Reply to "Distributor with only one green wire?"

@Ryan in NorCal--

Click this link for the wiring diagram for an original (1970) Beetle. It might help clear up your original question.

That's an aftermarket Comp-u-Fire module in the old distributor (or the EMPI clone). The new distributor is points and a capacitor. Points are extremely old-school (not that there's a single thing wrong with that)-- kind of the drum brakes of ignition. The Comp-u-Fire makes things wayyyyy easier for a home mechanic. 

I'm just guessing here, but you probably pulled the plugs and bought the distributor and wires based on the soot on the plugs, correct? You likely don't need them, if you can take what you've got back.

If you want to proceed, your existing points replacement module has two wires, the red one is connected to keyed power (probably coming from the "15", or "+" terminal) on the coil, and the black one is connected to the negative terminal ("1" or "-") on the coil. On the new one, you'd connect the green wire to the negative terminal on the coil and lose the red one altogether.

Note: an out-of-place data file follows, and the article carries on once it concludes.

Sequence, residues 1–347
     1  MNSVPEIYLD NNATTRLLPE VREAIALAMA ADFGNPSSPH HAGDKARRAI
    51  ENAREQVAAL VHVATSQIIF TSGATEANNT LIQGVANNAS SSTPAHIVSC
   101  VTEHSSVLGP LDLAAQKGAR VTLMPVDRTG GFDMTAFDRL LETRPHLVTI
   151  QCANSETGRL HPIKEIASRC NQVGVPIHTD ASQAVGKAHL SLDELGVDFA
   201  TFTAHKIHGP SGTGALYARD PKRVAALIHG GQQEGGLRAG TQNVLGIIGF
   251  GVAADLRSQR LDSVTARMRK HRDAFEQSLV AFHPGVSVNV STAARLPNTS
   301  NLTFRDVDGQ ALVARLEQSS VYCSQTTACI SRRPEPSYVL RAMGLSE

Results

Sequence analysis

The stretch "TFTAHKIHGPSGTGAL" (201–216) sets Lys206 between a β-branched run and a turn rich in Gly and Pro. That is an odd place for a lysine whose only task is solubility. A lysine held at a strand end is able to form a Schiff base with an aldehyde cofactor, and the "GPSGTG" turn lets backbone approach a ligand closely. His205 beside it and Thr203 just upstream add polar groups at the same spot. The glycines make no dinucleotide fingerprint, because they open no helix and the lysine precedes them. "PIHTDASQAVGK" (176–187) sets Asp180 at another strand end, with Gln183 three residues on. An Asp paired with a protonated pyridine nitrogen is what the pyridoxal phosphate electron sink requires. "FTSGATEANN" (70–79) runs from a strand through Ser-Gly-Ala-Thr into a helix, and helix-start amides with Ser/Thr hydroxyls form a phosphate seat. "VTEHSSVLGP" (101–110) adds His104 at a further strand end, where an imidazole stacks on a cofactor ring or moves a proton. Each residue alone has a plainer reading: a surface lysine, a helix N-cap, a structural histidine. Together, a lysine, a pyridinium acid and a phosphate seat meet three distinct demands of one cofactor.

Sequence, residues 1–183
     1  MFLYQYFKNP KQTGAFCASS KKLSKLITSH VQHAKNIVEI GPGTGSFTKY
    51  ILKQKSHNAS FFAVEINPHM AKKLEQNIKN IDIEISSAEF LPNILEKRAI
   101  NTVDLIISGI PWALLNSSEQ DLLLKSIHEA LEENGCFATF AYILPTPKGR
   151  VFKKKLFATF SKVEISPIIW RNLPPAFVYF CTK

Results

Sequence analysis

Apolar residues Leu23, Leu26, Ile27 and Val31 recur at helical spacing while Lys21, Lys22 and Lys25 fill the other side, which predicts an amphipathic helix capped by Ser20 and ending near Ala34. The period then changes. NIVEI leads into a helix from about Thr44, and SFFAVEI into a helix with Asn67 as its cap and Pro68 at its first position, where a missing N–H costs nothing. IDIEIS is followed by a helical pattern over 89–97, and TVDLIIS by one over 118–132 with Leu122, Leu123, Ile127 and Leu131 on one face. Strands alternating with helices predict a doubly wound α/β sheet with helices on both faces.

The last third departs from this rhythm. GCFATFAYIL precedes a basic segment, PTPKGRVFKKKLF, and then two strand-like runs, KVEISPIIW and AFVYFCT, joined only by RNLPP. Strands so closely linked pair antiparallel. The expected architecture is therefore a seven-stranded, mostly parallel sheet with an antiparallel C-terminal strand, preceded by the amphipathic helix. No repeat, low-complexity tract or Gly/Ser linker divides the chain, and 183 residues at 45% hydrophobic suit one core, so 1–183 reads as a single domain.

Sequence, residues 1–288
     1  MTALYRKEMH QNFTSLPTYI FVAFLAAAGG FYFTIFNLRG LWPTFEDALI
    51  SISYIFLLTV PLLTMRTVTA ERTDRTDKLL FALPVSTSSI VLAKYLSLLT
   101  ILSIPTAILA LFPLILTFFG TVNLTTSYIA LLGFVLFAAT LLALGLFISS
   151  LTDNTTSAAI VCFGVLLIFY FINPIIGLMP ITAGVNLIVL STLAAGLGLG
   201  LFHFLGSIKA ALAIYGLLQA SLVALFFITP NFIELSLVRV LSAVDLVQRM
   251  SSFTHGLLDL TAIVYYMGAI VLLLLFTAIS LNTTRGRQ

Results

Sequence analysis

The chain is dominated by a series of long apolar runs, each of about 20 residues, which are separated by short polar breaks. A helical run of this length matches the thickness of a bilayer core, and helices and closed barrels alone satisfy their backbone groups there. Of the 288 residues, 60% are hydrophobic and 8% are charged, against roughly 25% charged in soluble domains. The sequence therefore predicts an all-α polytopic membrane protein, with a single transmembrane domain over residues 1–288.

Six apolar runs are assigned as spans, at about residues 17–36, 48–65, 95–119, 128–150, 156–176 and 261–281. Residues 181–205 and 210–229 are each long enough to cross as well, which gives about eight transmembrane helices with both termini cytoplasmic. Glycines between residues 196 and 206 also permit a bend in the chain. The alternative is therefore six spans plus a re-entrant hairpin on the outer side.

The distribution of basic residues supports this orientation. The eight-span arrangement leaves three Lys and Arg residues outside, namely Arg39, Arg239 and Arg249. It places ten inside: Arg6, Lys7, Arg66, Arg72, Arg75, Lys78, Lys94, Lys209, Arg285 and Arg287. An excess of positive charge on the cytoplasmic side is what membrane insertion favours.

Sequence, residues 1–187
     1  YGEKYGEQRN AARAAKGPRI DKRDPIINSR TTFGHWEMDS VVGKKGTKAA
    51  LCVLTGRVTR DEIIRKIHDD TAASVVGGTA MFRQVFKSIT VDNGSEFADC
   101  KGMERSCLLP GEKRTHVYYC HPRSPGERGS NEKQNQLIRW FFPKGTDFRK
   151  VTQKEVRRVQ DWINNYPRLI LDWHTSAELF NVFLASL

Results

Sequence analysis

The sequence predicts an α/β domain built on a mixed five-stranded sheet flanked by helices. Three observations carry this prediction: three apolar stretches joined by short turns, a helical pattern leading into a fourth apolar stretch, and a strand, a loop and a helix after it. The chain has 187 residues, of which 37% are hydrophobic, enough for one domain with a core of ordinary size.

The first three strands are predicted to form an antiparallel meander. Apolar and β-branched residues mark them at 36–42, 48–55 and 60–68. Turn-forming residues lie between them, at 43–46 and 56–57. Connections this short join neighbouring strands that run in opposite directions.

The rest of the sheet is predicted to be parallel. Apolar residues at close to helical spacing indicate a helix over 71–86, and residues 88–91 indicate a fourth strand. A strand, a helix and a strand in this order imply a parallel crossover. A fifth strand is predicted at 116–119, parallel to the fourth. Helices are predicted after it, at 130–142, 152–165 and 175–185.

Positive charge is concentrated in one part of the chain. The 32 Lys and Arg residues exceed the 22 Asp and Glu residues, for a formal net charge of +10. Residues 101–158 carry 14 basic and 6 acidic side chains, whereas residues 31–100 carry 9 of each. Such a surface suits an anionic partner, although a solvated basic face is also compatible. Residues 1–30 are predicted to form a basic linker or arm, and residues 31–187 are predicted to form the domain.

... but there are other things to consider here. One is that the distributor has to be in the proper position for the car to start, then you'll need a timing light to set the final timing. You'll also need a tach/dwell meter to set the points correctly. It'd be a lot easier to move the module over-- but once you do that, you may as well just leave the entire distributor.

If you are concerned with the condition of your ignition system, changing the cap and rotor is what we always used to do in a tune-up (if your distributor was using points and condenser, we'd change those as well). The distributor never got replaced unless there was something wrong with the advance curve.

... but back to the black plugs. I'd be willing to bet that even a properly set up and operating ignition won't fix the black plugs. Hotter plugs might help, but I'd be willing to bet money that the problem isn't ignition at all. I'd bet you have dual Kadrons, don't you?

Kadrons always run rich. You can work on leaning them out, but they're pretty bad on the idle circuits and the needle and seat are really terrible. If you are generally satisfied with how the car runs (and with getting less than 20 mpg with a sub-100 hp engine), then change the cap/rotor/wires and the spark-plugs with something at least one step hotter.

Good luck.

Last edited by Stan Galat